6 tips to remember doctor appointments

remember doctor's appointments-positive peers

You look at your phone and start feeling panicky. Your doctor’s appointment was two hours ago.

Don’t feel bad. We all have trouble remembering doctor’s appointments. None of us are perfect.

It’s not a big deal if someone with a sprained ankle or runny nose misses an appointment, but living with HIV is a little different. If you’re HIV positive, it’s important to keep seeing your doctors regularly.

How do you make sure you remember your next doctor’s appointment? Try these tips:

remember doctor's appointments-positive peers

1. Expect to forget your appointments

Scientists and researchers have looked into why people don’t show up for their doctor’s appointments. One study in England found out that about one-third of the no-shows just plain forgot about their appointments.

That tells us forgetting happens all the time — and it’ll probably happen to you at some point. So the next time you get an appointment, take a minute to say to yourself “I have to do something to make sure I won’t forget.”

remember doctor's appointments-positive peers

2. Get some tools to document your appointments

Calendars and notepads are some of the best tools to avoid forgetting your appointments. You can use the calendar app on your smartphone. Positive Peers also has a calendar function, just sayin'. 😉 If you’re using an electronic calendar though, make sure you know where these alerts are going. Positive Peers, for example, will send push notifications to your phone. Other calendar apps, might send you an email reminder instead.

If you’re not a smartphone kind of person, you can use a paper calendar or use sticky notes to put on your mirror. If you’re keeping your status a secret from family or roommates, consider using acronyms to help you remember but not give anything away.

remember doctor's appointments-positive peers

3. Put it in writing as soon as humanly possible

Make a habit of scheduling your next appointment when you’re done with your current one. Make sure the person at the front desk gives you an appointment card to remind you when you get home.

Before you leave the doctor’s office or clinic, make a point of entering the appointment in your calendar or writing it down on a notepad. This simple act of writing it down or entering it in your calendar makes your brain think about the appointment — and this makes it easier to remember later.

remember doctor's appointments-positive peers


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4. Make sure your voicemail is working correctly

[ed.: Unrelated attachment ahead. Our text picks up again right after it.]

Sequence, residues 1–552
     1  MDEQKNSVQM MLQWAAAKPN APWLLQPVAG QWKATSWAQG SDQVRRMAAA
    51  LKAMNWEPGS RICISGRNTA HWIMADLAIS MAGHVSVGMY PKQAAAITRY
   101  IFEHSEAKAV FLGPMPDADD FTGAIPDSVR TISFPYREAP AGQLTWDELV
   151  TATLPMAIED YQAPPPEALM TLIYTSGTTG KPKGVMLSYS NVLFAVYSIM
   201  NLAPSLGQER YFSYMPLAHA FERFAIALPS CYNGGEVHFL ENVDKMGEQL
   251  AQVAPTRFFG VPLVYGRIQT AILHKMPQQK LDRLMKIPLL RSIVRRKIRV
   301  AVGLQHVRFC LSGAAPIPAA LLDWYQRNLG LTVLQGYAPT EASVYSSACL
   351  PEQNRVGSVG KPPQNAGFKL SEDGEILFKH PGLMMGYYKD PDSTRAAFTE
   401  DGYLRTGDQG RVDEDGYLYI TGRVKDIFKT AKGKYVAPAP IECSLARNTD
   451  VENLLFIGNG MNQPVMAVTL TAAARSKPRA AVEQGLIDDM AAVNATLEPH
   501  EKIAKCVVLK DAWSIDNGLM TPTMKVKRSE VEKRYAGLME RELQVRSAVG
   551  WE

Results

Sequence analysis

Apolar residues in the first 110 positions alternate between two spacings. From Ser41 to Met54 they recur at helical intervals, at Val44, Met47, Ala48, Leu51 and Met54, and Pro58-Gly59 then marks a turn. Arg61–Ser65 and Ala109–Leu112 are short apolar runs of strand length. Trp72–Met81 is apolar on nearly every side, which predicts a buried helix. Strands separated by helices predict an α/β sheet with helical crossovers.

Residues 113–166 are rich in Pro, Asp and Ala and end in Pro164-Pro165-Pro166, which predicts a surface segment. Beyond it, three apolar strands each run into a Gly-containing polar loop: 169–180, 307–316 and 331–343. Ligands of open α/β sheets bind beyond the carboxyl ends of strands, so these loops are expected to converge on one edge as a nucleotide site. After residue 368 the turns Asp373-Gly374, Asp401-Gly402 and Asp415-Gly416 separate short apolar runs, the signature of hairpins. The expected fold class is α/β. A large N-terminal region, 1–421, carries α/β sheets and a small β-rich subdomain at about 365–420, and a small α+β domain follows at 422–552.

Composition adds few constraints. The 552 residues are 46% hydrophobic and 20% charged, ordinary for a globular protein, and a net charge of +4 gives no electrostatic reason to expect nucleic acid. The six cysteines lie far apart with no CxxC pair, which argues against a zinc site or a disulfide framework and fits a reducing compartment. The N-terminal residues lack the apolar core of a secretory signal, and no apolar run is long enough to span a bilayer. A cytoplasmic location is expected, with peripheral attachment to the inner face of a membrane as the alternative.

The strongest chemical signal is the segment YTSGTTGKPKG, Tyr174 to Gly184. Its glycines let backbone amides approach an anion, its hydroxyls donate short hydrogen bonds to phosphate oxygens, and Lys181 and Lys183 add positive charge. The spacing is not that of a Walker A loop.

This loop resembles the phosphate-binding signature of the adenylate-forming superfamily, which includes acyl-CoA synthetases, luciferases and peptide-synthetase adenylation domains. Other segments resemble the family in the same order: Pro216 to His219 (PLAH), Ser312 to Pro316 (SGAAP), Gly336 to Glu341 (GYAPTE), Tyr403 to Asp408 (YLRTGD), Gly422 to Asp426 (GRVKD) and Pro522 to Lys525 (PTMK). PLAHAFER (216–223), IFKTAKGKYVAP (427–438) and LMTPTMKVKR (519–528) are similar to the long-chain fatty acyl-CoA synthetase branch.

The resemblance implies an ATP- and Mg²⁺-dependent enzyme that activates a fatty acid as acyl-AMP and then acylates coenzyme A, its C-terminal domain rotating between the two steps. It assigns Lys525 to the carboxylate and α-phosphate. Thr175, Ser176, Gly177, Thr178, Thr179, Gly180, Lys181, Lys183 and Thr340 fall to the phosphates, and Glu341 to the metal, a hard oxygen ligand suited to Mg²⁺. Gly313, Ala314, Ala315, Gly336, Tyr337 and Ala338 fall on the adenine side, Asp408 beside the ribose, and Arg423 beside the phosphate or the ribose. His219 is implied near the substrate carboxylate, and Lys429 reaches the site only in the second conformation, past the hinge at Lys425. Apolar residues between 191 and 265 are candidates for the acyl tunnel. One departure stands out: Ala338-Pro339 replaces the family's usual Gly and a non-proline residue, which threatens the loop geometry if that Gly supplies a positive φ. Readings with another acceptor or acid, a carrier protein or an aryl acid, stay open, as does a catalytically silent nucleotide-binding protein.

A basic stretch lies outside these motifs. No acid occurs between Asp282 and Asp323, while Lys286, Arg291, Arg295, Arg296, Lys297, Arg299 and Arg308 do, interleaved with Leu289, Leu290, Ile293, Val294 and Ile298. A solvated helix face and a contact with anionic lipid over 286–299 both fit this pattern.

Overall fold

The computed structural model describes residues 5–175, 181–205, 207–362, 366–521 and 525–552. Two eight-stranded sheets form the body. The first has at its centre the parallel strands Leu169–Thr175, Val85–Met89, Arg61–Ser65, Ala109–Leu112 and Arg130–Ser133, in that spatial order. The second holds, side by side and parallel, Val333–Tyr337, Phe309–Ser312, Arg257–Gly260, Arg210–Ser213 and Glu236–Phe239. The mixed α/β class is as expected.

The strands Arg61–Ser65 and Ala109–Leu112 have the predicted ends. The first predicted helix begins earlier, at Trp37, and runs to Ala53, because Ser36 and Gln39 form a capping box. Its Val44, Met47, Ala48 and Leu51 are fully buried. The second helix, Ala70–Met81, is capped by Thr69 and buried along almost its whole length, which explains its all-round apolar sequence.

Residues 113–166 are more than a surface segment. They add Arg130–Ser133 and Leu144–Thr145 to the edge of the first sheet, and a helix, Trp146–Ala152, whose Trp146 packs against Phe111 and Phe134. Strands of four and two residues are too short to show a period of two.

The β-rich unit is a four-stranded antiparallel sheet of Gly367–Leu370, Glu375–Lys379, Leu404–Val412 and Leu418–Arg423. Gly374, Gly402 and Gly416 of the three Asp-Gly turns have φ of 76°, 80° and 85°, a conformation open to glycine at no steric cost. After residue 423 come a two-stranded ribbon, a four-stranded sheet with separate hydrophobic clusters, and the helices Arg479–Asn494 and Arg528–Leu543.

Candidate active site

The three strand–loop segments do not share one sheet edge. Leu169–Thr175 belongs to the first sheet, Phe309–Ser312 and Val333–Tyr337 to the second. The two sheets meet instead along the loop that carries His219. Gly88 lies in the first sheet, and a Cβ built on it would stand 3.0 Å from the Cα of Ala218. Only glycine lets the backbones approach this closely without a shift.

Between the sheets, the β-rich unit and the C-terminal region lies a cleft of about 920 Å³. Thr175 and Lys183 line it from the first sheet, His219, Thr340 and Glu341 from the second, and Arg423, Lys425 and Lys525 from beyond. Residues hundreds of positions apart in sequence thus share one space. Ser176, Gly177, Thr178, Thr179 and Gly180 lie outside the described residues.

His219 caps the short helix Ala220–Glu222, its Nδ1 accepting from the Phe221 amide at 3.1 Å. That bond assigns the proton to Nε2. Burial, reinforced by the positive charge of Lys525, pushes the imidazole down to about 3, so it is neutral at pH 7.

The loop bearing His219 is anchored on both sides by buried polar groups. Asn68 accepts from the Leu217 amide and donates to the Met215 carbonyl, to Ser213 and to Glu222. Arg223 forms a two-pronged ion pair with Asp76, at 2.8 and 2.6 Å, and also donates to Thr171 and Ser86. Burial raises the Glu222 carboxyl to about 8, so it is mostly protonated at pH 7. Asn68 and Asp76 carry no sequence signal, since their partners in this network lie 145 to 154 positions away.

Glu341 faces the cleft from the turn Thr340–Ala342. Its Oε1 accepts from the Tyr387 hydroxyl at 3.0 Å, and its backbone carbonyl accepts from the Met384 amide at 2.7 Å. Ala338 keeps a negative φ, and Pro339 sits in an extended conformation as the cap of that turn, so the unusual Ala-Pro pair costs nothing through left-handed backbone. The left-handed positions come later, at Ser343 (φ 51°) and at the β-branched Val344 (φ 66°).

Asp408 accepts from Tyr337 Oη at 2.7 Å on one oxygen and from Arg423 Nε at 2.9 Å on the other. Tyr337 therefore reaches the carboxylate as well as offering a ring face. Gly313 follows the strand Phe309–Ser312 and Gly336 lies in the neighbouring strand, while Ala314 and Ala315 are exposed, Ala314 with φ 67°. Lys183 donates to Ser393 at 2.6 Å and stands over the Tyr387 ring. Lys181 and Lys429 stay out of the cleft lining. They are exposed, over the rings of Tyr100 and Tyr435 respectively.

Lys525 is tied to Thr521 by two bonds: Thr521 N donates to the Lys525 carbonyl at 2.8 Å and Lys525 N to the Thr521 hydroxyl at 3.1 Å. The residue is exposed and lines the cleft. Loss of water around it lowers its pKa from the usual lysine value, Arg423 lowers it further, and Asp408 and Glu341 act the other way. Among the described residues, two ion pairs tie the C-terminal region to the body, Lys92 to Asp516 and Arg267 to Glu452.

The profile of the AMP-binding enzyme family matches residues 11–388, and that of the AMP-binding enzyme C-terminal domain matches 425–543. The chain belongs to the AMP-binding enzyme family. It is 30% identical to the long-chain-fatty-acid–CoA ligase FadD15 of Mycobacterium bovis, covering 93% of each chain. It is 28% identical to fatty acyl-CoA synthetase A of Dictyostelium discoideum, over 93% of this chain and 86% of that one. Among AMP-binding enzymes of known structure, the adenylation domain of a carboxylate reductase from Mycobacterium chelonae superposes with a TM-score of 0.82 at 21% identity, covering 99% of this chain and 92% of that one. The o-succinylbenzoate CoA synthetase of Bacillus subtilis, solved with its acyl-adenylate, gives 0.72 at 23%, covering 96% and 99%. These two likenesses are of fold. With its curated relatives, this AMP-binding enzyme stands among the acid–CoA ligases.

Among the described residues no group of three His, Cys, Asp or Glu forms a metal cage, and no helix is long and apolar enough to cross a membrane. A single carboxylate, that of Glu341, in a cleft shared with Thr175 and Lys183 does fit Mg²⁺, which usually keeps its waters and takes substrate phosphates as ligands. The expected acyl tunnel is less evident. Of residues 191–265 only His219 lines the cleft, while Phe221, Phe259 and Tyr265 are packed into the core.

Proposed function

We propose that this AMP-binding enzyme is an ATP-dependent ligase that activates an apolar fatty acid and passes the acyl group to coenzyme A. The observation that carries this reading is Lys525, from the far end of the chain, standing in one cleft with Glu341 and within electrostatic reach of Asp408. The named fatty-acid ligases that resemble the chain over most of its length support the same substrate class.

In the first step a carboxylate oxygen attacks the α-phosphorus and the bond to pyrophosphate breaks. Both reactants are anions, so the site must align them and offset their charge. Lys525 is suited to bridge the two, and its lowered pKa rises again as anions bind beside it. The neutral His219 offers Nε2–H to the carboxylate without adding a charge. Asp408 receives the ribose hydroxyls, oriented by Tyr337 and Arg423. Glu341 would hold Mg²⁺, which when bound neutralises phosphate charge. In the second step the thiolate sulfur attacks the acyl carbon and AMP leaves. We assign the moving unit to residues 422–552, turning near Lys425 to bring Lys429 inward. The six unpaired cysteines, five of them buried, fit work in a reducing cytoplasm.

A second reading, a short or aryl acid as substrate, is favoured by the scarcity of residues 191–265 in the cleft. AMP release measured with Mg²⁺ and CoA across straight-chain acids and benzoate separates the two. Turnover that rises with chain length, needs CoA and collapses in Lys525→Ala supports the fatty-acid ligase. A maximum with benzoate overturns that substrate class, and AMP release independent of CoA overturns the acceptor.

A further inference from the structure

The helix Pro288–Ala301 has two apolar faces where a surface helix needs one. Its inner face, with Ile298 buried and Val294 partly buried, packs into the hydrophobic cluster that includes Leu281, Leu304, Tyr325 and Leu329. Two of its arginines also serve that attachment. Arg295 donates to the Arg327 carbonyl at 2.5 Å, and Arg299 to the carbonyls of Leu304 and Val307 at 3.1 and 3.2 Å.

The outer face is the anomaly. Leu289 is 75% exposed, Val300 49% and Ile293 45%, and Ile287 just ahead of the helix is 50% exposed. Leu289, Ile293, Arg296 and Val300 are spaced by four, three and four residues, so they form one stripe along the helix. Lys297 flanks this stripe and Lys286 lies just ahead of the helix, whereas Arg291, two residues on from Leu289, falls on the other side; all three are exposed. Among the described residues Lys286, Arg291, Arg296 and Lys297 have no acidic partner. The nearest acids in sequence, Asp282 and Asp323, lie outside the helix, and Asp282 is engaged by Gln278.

Lots of doctor’s offices send out reminders to their patients. At Metro, we offer text message reminders but other places often offer to leave a reminder on your voicemail.

But here’s the catch: You have to have your voicemail set up correctly, and you have to have room for messages on it. 😜 So take some time to figure that out if you haven’t already.

remember doctor's appointments-positive peers

5. Get help from friends or family

If you don't mind some people knowing when you’re going to the doctor, ask them if it’s OK to have them remind you. People who care about you won’t mind helping out — but do your best not to abuse the privilege. People don’t take kindly to being asked too often or to having their reminders ignored.

remember doctor's appointments-positive peers

6. If you’re in the Cleveland area, sign up for Positive Peers

Positive Peers is an awesome program because it’s a community of people who understand your problems and get you. It’s also awesome because it has an appointment reminder feature. If you’re a 13-34 years old MetroHealth patient living with HIV and you’re interested in the app, here’s how you can register.

Bottom line: Getting into a habit of forgetting your doctor’s appointments is dangerous. It threatens your health. So do your best and try out these tips to help you remember your health appointments. 😀 It only takes a few minutes to create a reminder, and it’s worth every second.

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Positive Peers is made possible through a U.S. Department of Health and Human Services Health Resources and Services Administration, HIV/AIDS Bureau Special Projects of National Significance (SPNS) Grant to The MetroHealth System. Click here for more information about the SPNS grant initiative.
Positive Peers is a private app for young people living with HIV. Learn how you can earn rewards for your participation.